Pit Viper Beats the Chill

2008 May 15

Butte in Montana was once one of America’s biggest mining regions. Named ‘the richest hill in the world’, its underground operations eventually extended to some 12,000 miles of drifts. Today it is the Continental Pit mine that dominates the landscape and two Pit Viper drill rigs that feed production.

Underground mining at Butte ceased in 1975 and large-scale open-pit mining began in 1955. The Continental Pit molybdenum and copper mine opened in 1980 and is currently 2,230 metres long, 1,110 m wide and 115 m deep with projected dimensions of 2.4 km by 1.8 km and 244 m deep.

Montana Resources bought the property from Atlantic Richfield in 1986. The company stopped mining in 2000 due to the high electricity costs but resumed operations in 2003.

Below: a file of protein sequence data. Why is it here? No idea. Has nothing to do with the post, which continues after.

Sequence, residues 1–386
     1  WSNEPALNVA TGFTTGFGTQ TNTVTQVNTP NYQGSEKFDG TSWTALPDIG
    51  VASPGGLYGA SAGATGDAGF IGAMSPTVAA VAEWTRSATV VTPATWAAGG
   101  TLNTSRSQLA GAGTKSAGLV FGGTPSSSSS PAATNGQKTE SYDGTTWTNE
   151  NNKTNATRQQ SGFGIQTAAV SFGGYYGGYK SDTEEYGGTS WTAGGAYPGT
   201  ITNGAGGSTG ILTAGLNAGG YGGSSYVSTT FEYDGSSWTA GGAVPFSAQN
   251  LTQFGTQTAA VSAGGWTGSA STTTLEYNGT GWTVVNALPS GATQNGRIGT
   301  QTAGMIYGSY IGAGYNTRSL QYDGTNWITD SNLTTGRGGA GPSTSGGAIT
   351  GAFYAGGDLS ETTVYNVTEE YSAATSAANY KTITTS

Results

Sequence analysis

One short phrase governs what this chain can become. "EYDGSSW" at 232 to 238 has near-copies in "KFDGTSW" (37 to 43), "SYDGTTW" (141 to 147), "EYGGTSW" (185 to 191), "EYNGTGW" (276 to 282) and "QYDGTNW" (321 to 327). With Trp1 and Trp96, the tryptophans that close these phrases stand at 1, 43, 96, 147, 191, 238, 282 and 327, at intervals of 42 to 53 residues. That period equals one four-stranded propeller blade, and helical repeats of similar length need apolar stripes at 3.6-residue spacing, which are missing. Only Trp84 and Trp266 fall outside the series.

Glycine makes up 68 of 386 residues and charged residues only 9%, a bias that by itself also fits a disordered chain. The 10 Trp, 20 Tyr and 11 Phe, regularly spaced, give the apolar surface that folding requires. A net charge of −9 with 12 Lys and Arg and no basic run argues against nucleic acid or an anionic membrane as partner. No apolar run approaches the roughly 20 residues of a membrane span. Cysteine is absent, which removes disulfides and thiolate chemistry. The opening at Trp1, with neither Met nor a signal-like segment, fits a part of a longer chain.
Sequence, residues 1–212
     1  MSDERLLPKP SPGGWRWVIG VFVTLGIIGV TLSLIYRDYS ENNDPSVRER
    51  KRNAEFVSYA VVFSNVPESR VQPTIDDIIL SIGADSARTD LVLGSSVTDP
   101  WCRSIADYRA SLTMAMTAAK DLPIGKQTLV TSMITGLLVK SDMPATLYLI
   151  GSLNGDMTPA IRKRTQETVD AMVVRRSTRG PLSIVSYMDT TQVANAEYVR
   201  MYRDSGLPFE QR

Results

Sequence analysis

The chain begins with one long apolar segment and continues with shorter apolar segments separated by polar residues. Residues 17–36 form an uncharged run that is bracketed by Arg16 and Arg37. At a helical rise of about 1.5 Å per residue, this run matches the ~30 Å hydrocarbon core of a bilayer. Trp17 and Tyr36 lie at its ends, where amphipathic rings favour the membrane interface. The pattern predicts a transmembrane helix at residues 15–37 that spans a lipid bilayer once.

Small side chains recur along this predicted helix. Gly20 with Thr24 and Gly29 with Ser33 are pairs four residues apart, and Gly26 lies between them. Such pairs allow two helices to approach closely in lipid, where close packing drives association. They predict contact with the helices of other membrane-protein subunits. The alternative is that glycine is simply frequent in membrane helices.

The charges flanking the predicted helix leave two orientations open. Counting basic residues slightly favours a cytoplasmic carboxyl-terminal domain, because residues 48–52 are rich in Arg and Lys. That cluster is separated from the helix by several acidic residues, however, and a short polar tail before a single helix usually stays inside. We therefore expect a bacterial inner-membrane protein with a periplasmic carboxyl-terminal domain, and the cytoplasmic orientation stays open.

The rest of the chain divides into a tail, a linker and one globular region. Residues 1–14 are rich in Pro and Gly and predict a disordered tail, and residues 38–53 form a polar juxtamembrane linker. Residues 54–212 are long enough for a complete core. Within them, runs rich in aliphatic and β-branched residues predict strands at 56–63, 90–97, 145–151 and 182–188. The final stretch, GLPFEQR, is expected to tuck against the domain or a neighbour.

Every day, 102,000 tonnes of rock are mined from the pit and 52,000 tonnes of ore are milled. To keep the three shovels and 170 and 240-tonne haul trucks moving, Montana Resources uses two Atlas Copco Pit Viper Series PV271 rigs, acquired in May, 2005, to replace four older drill rigs.

In the past, Montana Resources used electric drill rigs, but because diesel provided mobility and convenience with no electric power cables, the decision was made to purchase diesel rigs, says Gary Hayes, Maintenance Supervisor for Montana Resources? mobile fleet.

?They?ve done really well for us,? says Hayes. ?Rig availability for the month was at 94% and the figure for the year to date stood at 85%. The goal for availability is 90%, but staying ahead of the shovels is what counts.?

Epiroc operated under the trademark “Atlas Copco” prior to January 1, 2018.